Seminarian Juan Salas:
Celebrating God, His people, and chocolate
Seminarian Juan Salas was born in Aguascalientes City, Aguascalientes, Mexico to Alfredo Salas Candelas -- retired and serving a part job as art professor in a cultural institute -- and Bertha Alanis Tavira, a homemaker. He has one sibling, a sister, Anabertha Salas.
When did you first feel the call to enter the priesthood?
I first felt the call to enter the priesthood when I was a child; I was about eight or nine years old. I think that being an altar boy awakened that feeling.
Who influenced you along the way?
The person who influenced me the most was the pastor I had in my childhood. I used to see him as a great person, somebody who was active the whole day; celebrating Mass, talking with people on the streets, exercising, attending parishioners at his office, visiting houses, but most of all, I saw him happy. I just wanted to be like him. Nevertheless, my family raised me as a Catholic and always supported me choosing this path. I can say they influenced me, too.
How did your family react to your decision to enter the priesthood? My family has always supported my decision to enter the seminary. However, in the beginning they did not think I was serious about it. So then, that when I told them I wanted to enter the seminary it was a little hard for my father because, as I am the only son of the family, there would not be any decent with my last name.
What did you imagine seminary would be like? Is it different than you imagined?
Before I went to the seminary, I did not know very much about the seminary. I wanted to know what the seminary was like, how the seminarians lived, and other things. I thought the seminary was a place where the seminarians were praying the whole day and they were not allowed to do something fun. There was this equation in my mind: Seminary equals dark, boring place. Certainly it was not. I discovered that seminary is a place where those who have the curiosity about the priesthood could develop themselves intellectually, spiritually, humanly, and apostolically. It is a place full of values that can help seminarians through their life. There is time for everything; time to worship God, to study, to play, to work.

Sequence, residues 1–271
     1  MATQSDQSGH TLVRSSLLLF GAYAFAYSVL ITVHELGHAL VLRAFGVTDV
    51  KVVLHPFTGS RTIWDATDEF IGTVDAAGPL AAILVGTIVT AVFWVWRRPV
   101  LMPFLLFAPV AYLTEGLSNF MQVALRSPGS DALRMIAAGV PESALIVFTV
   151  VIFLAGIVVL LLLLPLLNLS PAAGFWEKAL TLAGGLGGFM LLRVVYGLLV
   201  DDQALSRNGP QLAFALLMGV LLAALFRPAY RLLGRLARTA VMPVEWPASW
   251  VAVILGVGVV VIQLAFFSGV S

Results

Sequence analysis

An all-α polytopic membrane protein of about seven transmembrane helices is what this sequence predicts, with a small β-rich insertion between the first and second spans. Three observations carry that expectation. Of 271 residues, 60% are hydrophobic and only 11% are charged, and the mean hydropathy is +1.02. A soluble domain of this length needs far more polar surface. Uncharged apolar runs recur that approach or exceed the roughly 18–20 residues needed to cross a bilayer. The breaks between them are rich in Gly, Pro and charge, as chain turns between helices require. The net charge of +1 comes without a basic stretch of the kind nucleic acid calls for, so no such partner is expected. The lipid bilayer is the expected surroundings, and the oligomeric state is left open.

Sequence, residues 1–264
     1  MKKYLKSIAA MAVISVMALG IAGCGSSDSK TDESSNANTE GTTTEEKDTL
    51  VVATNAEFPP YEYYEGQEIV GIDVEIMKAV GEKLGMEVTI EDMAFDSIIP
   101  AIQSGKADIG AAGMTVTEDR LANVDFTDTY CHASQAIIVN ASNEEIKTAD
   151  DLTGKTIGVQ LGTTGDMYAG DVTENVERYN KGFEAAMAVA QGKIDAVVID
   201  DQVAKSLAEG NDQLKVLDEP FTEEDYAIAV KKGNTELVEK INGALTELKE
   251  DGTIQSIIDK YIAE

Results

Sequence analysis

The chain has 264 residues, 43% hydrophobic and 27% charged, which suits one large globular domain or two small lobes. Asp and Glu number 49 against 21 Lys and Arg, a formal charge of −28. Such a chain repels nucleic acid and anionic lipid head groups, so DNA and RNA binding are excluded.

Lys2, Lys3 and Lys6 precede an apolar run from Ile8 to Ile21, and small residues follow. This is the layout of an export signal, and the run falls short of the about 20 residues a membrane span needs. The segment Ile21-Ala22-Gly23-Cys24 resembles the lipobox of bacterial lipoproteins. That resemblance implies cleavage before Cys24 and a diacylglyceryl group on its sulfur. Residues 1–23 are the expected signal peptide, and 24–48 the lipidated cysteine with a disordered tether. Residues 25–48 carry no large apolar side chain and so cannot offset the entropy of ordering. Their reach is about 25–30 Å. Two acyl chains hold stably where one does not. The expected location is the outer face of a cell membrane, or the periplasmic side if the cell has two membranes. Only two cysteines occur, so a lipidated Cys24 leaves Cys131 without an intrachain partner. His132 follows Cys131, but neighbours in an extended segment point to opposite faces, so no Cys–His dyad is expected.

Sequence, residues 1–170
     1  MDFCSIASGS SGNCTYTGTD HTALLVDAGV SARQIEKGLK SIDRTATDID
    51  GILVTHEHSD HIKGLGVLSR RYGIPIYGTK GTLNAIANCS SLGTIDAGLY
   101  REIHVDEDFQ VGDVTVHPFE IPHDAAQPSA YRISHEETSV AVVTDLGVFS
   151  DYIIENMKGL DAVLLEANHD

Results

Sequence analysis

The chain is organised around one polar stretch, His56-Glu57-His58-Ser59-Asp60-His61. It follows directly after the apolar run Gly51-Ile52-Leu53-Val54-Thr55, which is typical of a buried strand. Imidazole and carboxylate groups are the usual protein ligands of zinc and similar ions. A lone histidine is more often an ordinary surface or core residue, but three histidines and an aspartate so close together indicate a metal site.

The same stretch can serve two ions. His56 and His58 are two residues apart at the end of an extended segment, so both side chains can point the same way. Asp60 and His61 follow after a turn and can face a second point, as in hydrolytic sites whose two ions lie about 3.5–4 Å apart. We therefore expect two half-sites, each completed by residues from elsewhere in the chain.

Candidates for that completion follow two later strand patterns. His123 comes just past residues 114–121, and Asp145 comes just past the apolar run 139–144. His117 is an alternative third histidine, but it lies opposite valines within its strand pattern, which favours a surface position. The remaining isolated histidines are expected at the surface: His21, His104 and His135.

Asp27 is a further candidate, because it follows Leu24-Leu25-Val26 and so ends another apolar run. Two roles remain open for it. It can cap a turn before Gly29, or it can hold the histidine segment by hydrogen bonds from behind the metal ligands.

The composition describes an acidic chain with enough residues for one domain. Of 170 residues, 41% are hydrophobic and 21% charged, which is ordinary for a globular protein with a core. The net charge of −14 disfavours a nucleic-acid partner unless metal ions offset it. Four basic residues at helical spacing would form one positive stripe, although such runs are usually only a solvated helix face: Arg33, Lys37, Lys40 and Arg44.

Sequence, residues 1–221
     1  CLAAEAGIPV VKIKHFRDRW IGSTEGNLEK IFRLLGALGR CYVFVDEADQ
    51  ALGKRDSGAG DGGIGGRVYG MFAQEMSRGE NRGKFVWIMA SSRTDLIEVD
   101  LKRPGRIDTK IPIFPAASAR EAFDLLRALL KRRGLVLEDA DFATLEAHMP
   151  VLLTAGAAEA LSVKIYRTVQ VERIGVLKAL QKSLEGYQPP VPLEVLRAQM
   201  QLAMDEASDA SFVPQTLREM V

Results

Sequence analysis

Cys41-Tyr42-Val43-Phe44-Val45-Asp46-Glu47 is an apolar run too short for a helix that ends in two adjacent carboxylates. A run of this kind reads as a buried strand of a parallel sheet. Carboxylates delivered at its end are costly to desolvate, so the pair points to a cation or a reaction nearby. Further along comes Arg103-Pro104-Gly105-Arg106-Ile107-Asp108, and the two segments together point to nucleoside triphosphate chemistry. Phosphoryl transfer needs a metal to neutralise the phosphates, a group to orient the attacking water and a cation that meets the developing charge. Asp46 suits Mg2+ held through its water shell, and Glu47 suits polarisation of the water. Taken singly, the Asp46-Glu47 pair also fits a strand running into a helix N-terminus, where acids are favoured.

As you go through seminary, have you recognized any misconceptions about seminary students, or those seeking the priesthood, that you would like to dispel?
Just after I entered the seminary I met one of my old friends on the street. I noticed he was dubious whether to shake hands or just to say hello. I extended my hand and gave him a good shaking hand. We talked for a while and finally he told me: “So, now you are in the seminary. Will be still friends?” Of course I say yes. Now, some people think that seminarians are odd people. Seminarians are just as the rest of the young men are. We have family and come from some town. Sometimes we are afraid of something and other times we are happy. Some of us do sports and arts, and like to go around with our friends sometimes. What distinguishes us from the rest of the young men is that we want to be Priest: live the celibacy, to administer the sacraments, and to configure ourselves as Christ, the Highest Priest. And by the way, we do like chocolate a lot, at least I do.
Can you name something that you look forward to in your priesthood?
First of all, I look forward to be a holy priest, just as many of our priests in the Dodge City diocese are. I hope God calls me to the priesthood. I look forward to help people in their relationship between others and God: being a bridge.
Can you describe one of your favorite things about attending seminary?
One of my favorite things in the seminary is the opportunity to meet people from all over. We get to know people from other countries (as I am). And one of the greatest things is that we all are looking for the same goal. It is just amazing the fraternity we live in here. I have made very good friends and my relationship with Jesus has grown, too.
What would you say to anyone considering the priesthood?
The seed of the vocation is born deeply in our hearts. One of the first signs of this vocation is to feel an interest in the priesthood. Once this happens, you should give yourself the opportunity to discover what the priesthood is about. Do not throw away this option without trying, without considering the priesthood as an option for your life. Take off your fear. God is calling you because God needs men of value like you.